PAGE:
The position property can be a mysterious thing to run into when you’re starting to learn about CSS. It’s like being given a set of unknown spices that look similar, but have very different flavours and the combinations between them don't always work like expected.
This article is an attempt to describe the best and most common pairings between them so that you can easily apply them in your first web cooking steps. Just like we learn in the kitchen — parsley goes well with garlic, but not that much with cinnamon.
First of all, let’s define what each of the position variants tastes like:
This is what every HTML element has by default. It means the element will be positioned according to the normal document flow. Block elements with full width, inline elements lining up. It’s basically the salt of them all.
Elements with relative position can be placed relatively to the space they would occupy in the normal document flow. They still occupy that space only, but support
Whatever values you assign to those properties will be used to calculate its displayed position using its real position boundaries. Like adding some pepper, it usually doesn’t do much harm.
This one’s tricky — it’s sort of like cumin, it can be a very good addition, but you have to use it carefully. Absolute elements are removed from the normal document flow. This means they don’t affect and aren’t affected by other elements in the page. However, they will be placed relatively (yes, I know, bear with me) to their nearest positioned ancestor. This means whichever parent element that has its position explicitly set. It can be fine tuned using
left too. So it’s similar to relative positioning, but, since it’s no longer part of the document flow, it uses a parent as the reference.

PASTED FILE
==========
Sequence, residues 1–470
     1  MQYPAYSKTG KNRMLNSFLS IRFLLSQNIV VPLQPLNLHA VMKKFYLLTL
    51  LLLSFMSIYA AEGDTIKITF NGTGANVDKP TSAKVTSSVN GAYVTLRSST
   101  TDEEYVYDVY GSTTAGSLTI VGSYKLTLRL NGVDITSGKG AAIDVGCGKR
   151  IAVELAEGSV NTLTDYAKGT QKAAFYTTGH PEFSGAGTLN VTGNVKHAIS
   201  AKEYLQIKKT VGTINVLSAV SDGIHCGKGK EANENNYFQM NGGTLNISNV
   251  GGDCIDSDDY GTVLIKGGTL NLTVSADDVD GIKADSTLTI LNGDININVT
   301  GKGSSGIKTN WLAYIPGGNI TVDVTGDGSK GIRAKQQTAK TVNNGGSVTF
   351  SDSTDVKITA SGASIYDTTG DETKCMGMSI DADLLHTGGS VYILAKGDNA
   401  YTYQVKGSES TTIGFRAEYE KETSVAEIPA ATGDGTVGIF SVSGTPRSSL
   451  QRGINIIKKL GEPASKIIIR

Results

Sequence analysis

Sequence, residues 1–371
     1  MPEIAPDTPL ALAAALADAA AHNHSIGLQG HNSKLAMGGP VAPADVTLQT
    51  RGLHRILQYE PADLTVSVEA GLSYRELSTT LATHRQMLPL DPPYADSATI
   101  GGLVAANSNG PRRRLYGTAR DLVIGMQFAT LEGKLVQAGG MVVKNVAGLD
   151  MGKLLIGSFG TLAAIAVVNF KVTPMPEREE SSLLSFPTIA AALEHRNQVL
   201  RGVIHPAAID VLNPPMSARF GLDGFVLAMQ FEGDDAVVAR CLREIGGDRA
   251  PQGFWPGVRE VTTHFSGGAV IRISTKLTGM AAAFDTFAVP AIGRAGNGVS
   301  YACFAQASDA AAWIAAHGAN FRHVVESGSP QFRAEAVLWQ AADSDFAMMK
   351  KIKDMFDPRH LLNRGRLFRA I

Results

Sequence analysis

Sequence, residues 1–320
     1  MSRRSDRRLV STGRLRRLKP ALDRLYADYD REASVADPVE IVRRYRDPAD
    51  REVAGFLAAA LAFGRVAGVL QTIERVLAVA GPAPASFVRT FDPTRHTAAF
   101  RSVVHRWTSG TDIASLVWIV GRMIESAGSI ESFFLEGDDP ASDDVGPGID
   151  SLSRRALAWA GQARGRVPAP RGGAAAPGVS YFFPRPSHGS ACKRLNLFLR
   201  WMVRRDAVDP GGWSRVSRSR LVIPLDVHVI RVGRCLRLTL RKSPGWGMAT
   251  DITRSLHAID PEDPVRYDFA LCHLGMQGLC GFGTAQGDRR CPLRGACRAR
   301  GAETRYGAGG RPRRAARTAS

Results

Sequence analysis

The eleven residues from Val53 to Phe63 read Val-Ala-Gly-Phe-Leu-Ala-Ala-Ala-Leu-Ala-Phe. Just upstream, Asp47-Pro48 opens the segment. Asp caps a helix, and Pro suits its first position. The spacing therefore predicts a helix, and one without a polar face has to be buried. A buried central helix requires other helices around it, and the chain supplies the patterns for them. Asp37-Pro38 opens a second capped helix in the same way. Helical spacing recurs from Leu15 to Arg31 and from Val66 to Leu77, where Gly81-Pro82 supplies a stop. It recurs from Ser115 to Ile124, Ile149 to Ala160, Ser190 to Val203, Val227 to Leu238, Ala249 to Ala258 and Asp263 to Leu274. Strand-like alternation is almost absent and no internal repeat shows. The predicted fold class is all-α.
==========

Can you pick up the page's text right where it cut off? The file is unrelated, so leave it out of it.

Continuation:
Ah, this one’s easy. Fixed elements are not part of the document flow at all and their position is based on the whole window, sometimes referred to as viewport. Also, they’re not affected by scrolling.
It's not advisable to use
padding when you're using
left. While the latter will offset the element's visible position the first will offset its real and document-affecting position.
Things can get confusing if you're using both on the same element so best keep 'em separated.
position: relative; whenever you want to offset an element a little bit from where it would normally be, but you don't want everything else to move with it. Remember that all other elements will behave as if it hasn’t moved. Use
left to adjust it relatively to what would have been its natural position.
position: absolute; when you care about where the element is in relation to its first parent or wrapper with an explicit (usually relative) position. Note for this that the position property does not cascade, so that's why this will use the nearest parent with an explicit position declaration, if there's none, then it will be the
<body>. If you want to force cascading of the position property, you can declare it as
Keep in mind that this element’s position is defined by the size and shape of its closest positioned parent, so if you change that, this element might be affected too.
position: fixed; is a funny thing to play around with. Normal usages include sticky navbars, footers, or side menus. Remember it’s out of the normal document flow, so this means:
- you can place it wherever you want and nothing else will break
- it also means that it won’t do anything else you don’t explicitly tell it to do, so you need to set its 2 coordinates for it to show up at all.
These 2 coordinates (namely, top or bottom, plus left or right) will be measured from the edge of the window.
(tip: scroll this up and down 👇)
There is another option I didn’t cover and that is
position: sticky;. It makes elements behave and scroll normally but then stick to a certain position while the rest of the content keeps on scrolling. I decided to leave it out, because it’s still experimental and exceeds the understand-the-basics scope of this article. But, if you’re curious, here’s an article showing what it’s all about.
I plan to address many of these basic things that I never fully understood about web development by researching them and then putting my new knowledge to the test by writing articles about it. So expect more in depth takes on basic stuff from me in the future!